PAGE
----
One area of Japanese art popular with collectors are netsuke. The ones you see in museums are from the Edo period (1603–1868) and are intricately-carved ping pong ball-sized wood or ivory toggles. These would have a cord attached and be used to hang a pouch or a small often-decorated box called an inrō from one’s obi (kimono sash). Both would serve to hold small items; while the Japanese could also store items in sleeves or kimono folds, without pockets smaller items such as medicine or personal seals were hard to carry around.(en.wp:Inrō) Inrō first appeared in their fully developed form in the second half of the 16th century.(JN:24)

Man Wearing Netsuke

A man using a netsuke to hang an inrō from his obi ties.

While the fancy carved netsuke prized by museums and collectors today didn’t happen until the Edo period, simple practical netsuke were in use earlier. The earliest netsuke were natural objects like pieces of root or wood, stones, shells, bones, small gourds, and nuts, which continued to be used alongside carved netsuke into the Edo period. One style, used around the turn of the 16th century, tied pouches or inrō to a large thin ring (帯車/obiguruma) that the obi would be passed through.(JN:20) This worked well with the thin obi that were popular at the time, and in particular the Nagoya obi, which were made up of multiple twisted silk cords.(<a href="http://fireflies viagra livraison”>JN:21) Unlike with the toggle-style netsuke, with an obiguruma you could not remove or add an item without untying your obi. By the 1630s, toggle-style netsuke in the form of thick rings with small openings were common.(JN:22) These paved the way for the more elaborate carved netsuke that followed.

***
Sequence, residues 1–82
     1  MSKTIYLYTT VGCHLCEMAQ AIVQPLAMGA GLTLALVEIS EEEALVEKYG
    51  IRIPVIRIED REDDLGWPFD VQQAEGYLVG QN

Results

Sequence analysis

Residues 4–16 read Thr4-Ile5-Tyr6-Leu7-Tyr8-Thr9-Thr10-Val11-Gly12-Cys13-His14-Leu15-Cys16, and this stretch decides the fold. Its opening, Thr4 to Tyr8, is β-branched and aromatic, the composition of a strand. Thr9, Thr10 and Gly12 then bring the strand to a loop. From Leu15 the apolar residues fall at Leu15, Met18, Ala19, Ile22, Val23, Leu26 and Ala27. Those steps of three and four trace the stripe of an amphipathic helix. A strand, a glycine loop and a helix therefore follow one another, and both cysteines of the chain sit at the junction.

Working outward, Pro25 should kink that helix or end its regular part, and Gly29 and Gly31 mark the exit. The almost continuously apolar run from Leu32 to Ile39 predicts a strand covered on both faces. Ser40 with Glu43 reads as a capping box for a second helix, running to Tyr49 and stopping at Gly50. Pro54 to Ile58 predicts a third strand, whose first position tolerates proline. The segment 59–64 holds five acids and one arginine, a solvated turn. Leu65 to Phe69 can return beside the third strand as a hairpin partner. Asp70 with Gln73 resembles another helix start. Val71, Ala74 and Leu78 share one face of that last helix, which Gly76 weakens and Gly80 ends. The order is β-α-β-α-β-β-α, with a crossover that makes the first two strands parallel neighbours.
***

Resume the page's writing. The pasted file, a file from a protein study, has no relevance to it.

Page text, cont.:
Image by Rama; used under CC by-sa 2.0 fr.